For private pilots and aircraft owners, the motivation behind this pursuit can be personal, but it can also be practical. Along with a love of aeronautics, pilots are also in tune with engine performance, as this does impact the overall experience. For owners of small commercial fleets, a focus on safety and efficient performance can often be the deciding factor in terms of what type of aircraft and what type of engine will provide the strongest asset.
Drive or Fly a Stick
This also means that many pilots have a strong preference regarding the engines they use. When PT6A turbines were first introduced, it revolutionized the industry, since it allowed for lighter planes to still achieve greater power. However, while radials are often overlooked as being bulky, heavy, and more labor intensive to maintain, the simplicity of the engine design also offers advantaged that a turbine will not.
In the same manner that vehicle owners may have a preference between automatic and standard transmissions, aircraft owners will also trend towards an engine that may be easier to operate versus an engine that offers greater control. When thinking about an R-985 or R-1340 engine within this comparison, the radial can be equated to a standard gearshift. In the same manner that knowledge of mechanics and operation can enhance the performance of a standard vehicle, understanding the radial engine can also provide a more satisfying and efficient experience.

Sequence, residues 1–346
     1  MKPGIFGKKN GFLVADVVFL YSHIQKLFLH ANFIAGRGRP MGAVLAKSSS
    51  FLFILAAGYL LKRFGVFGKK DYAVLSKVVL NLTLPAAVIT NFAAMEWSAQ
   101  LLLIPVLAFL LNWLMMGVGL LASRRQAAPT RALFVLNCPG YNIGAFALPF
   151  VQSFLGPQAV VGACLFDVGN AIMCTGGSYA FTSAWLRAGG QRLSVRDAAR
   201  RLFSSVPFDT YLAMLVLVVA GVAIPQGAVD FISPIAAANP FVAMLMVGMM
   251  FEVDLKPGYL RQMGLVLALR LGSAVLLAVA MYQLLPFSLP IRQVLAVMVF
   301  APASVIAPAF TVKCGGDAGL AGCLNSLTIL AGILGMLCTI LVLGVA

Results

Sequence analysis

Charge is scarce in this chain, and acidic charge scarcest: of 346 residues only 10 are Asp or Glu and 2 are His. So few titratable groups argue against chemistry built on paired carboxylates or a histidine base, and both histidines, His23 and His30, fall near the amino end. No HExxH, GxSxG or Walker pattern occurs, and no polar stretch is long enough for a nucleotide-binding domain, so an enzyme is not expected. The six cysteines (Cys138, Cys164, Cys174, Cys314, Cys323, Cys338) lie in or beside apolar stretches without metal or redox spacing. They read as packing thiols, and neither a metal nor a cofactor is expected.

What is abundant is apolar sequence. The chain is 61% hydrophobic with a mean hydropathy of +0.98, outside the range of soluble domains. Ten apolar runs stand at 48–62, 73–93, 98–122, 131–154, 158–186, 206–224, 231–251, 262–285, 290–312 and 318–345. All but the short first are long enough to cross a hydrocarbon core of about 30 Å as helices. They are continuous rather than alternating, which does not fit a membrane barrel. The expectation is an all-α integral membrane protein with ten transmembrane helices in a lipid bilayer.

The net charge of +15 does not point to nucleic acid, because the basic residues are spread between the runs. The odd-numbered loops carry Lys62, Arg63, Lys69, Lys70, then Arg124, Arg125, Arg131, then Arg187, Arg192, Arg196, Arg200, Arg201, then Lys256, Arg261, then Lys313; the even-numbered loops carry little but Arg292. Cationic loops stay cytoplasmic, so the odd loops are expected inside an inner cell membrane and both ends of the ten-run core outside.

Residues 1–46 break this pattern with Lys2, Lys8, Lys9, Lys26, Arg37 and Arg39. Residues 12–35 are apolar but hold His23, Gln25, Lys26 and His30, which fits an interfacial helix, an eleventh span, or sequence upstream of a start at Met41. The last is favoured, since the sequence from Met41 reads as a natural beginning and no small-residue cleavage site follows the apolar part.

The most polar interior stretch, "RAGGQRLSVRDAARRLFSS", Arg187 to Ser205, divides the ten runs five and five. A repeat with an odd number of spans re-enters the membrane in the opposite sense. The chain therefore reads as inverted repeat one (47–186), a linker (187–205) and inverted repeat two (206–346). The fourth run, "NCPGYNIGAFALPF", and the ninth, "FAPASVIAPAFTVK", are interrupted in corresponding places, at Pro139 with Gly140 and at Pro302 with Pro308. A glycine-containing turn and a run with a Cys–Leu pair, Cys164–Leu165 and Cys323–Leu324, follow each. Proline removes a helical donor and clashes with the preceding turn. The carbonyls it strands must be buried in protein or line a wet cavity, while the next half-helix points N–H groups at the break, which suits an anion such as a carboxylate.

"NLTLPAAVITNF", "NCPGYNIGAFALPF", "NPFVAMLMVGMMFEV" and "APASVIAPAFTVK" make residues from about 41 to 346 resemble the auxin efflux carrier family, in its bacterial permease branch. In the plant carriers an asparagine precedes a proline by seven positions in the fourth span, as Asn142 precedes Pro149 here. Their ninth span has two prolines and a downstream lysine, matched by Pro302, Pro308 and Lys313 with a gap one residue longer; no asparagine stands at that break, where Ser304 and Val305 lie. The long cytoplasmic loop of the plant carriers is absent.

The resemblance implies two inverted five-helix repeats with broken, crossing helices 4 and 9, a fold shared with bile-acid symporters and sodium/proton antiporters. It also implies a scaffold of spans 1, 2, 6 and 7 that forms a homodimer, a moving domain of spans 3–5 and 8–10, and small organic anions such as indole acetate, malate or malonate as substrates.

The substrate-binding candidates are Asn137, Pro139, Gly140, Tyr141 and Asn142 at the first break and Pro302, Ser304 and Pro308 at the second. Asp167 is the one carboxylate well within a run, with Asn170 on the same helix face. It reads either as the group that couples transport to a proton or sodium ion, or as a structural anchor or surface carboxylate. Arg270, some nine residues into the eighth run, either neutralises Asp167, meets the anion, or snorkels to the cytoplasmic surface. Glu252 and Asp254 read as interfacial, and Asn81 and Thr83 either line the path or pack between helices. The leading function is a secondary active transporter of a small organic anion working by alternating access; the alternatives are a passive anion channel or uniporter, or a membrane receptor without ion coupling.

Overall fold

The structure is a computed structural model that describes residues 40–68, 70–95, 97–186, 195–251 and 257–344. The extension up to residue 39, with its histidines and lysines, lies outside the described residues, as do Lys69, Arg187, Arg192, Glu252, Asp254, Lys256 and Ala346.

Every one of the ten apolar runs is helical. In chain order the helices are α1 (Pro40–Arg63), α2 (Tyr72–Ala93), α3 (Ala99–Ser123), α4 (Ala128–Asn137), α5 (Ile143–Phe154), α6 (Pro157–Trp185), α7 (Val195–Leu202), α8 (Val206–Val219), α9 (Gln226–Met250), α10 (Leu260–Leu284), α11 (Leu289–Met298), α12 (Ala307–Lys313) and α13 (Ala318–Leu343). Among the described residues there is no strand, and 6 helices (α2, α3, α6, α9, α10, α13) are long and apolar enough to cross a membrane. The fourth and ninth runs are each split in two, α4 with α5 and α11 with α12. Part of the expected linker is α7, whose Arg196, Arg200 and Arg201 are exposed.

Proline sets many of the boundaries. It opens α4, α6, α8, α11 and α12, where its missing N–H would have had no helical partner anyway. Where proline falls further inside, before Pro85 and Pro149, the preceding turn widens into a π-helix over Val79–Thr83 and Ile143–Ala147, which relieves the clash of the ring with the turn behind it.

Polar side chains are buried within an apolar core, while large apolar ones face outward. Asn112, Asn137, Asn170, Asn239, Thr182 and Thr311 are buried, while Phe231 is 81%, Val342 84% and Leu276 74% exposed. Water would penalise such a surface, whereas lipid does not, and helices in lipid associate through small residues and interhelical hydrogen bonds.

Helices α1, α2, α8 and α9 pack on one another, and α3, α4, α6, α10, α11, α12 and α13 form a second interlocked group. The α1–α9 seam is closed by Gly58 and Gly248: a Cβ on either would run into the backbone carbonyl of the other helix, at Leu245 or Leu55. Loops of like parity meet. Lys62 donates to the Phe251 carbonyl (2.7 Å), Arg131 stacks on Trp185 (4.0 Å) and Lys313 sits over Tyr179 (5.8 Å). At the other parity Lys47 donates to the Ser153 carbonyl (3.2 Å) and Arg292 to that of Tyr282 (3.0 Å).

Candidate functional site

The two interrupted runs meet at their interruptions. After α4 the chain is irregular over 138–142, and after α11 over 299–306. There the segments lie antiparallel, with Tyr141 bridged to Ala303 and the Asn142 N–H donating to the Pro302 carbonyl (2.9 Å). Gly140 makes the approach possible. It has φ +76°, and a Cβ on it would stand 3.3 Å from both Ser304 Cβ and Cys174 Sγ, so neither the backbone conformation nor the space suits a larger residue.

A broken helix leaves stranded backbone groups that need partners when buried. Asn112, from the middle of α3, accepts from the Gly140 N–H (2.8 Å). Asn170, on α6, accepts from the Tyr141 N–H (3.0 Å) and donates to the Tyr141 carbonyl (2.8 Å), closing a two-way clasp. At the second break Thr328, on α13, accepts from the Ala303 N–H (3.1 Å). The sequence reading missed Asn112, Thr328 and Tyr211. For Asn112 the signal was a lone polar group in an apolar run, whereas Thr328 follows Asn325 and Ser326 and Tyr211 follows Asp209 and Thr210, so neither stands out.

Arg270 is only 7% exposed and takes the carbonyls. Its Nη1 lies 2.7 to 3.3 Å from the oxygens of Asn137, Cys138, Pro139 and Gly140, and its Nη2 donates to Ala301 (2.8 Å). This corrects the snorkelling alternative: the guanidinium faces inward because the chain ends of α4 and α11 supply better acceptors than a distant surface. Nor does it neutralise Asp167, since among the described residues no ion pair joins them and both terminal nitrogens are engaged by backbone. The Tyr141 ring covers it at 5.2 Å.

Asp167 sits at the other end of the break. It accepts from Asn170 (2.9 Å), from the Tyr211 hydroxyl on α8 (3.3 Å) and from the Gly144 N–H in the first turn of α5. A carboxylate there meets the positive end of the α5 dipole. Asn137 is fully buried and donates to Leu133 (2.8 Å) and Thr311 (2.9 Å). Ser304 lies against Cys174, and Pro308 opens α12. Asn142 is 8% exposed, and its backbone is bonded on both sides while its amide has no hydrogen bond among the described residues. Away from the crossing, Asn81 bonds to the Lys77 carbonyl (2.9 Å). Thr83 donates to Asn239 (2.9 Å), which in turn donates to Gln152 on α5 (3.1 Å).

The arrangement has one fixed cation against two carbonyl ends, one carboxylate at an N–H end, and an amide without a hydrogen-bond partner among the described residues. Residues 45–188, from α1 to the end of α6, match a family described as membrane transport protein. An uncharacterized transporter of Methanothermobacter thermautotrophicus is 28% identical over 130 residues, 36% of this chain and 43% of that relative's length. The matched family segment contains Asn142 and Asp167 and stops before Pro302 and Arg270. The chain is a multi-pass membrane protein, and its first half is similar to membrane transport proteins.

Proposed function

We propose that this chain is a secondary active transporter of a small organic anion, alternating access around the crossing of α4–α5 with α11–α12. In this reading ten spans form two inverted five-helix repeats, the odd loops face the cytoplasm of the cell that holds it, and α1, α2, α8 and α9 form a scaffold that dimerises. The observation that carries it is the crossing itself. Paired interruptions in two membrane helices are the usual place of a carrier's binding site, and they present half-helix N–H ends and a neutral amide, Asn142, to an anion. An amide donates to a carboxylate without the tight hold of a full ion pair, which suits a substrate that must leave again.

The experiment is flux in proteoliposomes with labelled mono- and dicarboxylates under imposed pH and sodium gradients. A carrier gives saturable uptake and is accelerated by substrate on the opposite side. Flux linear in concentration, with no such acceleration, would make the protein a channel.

Learning To Move With The Engine
Part of flying with a radial engine is an art, since it requires both mechanical knowledge as well as the ability to hear and feel the engine changes and adjust accordingly. This also means that some of the actions that can improve performance can seem initially counterintuitive. At Covington Aircraft, we find that the following tips can enhance both the experience and functionality of flying with a radial engine.
- Don’t be afraid of the throttle – this is especially true during take-off, where there is often a fear about opening the throttle too wide. Since radials operate with a basic carburetor and fuel flow valve, this will regulate how much fuel flows to the engine. Utilizing full throttle on take-off gives better power and lift, and a smoother transition into cruising speed.
- Pay attention to RPM – manifold pressure and high RPM can result in excessive wear, but can also turn into overheating and lack of airflow on the engine during flight. Ideally, the difference between RPMs and manifold pressure should be no greater than a spread of 10, as this ensures the optimal cooling to all parts of the radial engine.
- Clean fuel equals a smoother flight – many of the hiccups that can be experienced with radial engines are actually the result of debris and clogging that can happen in the fuel system. Pre-flight, it is important to sump the tanks and drain off any water. Periodically, it is important to clean and replace fuel filters if needed. In-flight, it is necessary to remember that higher horsepower will also mean less fuel consumption for this type of engine. The added thrust can not only improve the quality of flight, but it can also ensure that the engine gets more flight time.